In the past few weeks, we’ve discussed the challenges associated with implementing a global instance of SAP ERP within the complex regulatory environment of Brazil. With the strictest mandated business requirements in the world, fully leveraging SAP in this country requires thorough planning, an expert team and patience during the implementation phase.
If you’ve made it through these phases, you’re likely breathing a sigh of relief. The challenges of integrating your global SAP template with Brazil’s strict e-invoicing, accounting and reporting requirements have been conquered. But not so fast. The work is far from over. In fact, it’s really just beginning.
The requirements to do business in Brazil are constantly evolving. In fact, earlier this year, companies operating in Brazil were forced to transition to Nota Fiscal version 3.1 – the largest change in requirements since 2010. Companies managing compliance internally had to make significant changes and upgrades to their SAP system and processes in order to maintain compliance and avoid costly penalties and operational disruptions.
It’s because of these constant changes and expansions in legislation that the process of implementing SAP in Brazil is never truly over. To ensure that your company maintains compliance, you need to:
- Regularly conduct system audits to ensure compliance.
- Constantly monitor legislation changes.
- Translate any change in requirements into your custom SAP set up.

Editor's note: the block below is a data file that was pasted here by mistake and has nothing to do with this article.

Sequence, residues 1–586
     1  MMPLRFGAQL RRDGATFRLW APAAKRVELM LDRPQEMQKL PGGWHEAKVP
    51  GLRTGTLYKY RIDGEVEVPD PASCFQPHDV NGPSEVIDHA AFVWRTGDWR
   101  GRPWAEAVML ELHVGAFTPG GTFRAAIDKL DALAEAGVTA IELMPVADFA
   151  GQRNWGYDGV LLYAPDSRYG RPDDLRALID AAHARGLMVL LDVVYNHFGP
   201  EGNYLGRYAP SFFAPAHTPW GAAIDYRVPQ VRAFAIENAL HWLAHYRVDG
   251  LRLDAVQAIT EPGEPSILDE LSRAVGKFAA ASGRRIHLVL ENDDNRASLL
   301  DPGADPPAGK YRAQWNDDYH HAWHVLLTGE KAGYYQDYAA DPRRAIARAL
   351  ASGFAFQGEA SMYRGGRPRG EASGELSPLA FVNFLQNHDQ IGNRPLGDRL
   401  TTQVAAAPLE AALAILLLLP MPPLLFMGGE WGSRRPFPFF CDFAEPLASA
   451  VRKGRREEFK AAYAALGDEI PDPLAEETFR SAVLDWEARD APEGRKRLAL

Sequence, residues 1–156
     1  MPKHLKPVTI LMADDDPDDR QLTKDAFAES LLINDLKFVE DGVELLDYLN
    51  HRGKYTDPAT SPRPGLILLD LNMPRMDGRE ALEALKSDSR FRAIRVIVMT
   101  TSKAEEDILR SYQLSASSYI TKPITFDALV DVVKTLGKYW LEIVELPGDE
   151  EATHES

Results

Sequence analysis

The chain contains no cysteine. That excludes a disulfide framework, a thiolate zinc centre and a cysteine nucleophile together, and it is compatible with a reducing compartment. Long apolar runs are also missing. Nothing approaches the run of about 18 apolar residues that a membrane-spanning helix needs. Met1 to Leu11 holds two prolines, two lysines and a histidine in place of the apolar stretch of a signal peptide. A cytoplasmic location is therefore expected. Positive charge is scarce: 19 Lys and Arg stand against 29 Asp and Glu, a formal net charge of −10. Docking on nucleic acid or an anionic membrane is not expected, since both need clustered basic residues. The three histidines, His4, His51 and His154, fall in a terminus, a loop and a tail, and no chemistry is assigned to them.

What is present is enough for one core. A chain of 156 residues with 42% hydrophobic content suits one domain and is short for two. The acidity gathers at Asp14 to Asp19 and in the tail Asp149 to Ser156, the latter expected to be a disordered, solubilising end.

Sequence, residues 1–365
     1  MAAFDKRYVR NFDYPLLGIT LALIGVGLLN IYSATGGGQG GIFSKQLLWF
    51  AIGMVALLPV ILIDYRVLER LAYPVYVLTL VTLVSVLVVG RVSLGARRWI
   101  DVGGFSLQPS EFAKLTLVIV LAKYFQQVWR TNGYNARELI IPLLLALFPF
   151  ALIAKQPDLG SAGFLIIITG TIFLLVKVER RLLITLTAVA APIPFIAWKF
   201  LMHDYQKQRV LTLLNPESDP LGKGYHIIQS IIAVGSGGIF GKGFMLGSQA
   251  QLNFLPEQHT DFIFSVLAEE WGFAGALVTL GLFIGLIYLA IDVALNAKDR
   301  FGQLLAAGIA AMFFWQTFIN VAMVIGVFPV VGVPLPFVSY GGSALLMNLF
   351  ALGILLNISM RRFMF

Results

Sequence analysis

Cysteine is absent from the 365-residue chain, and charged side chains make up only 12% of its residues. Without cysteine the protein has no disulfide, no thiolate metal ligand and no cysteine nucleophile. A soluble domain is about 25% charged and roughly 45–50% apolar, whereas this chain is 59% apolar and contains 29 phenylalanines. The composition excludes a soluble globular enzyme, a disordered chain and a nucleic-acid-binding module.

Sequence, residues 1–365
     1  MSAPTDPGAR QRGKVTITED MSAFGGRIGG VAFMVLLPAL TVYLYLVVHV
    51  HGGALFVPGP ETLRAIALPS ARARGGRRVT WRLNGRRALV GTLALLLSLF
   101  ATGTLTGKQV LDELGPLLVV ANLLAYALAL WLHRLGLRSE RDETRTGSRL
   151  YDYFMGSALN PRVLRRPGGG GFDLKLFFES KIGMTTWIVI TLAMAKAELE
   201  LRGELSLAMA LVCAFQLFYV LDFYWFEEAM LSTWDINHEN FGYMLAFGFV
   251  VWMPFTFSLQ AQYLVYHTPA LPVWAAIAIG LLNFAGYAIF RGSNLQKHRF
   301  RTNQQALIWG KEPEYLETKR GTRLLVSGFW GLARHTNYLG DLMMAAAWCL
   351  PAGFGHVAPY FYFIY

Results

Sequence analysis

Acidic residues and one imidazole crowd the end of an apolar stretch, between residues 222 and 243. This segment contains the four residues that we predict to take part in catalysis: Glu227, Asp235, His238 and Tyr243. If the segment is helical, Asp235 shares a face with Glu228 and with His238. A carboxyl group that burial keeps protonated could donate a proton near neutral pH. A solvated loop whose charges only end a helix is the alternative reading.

Though corporate SAP teams typically have a specific plan for rolling out SAP upgrades, Brazil doesn’t time its legislation changes with these corporate strategies. As a result, SAP systems require major updates and faster response times that interrupt the COE calendar – and can affect the entire global operation.
Compliance is difficult throughout Latin America, but nowhere is it more so than Brazil. As the emerging market continues to expand its business requirements into finance, accounting, logistics and human resources, integrating these mandates within the SAP infrastructure will only get more challenging. Plus, as other Latin American countries look to Brazil as a model, you can expect these issues to expand throughout the region. That’s why it’s important to select the right partner – one with a proactive, regional approach to compliance that handles the constant changes and requirements seamlessly.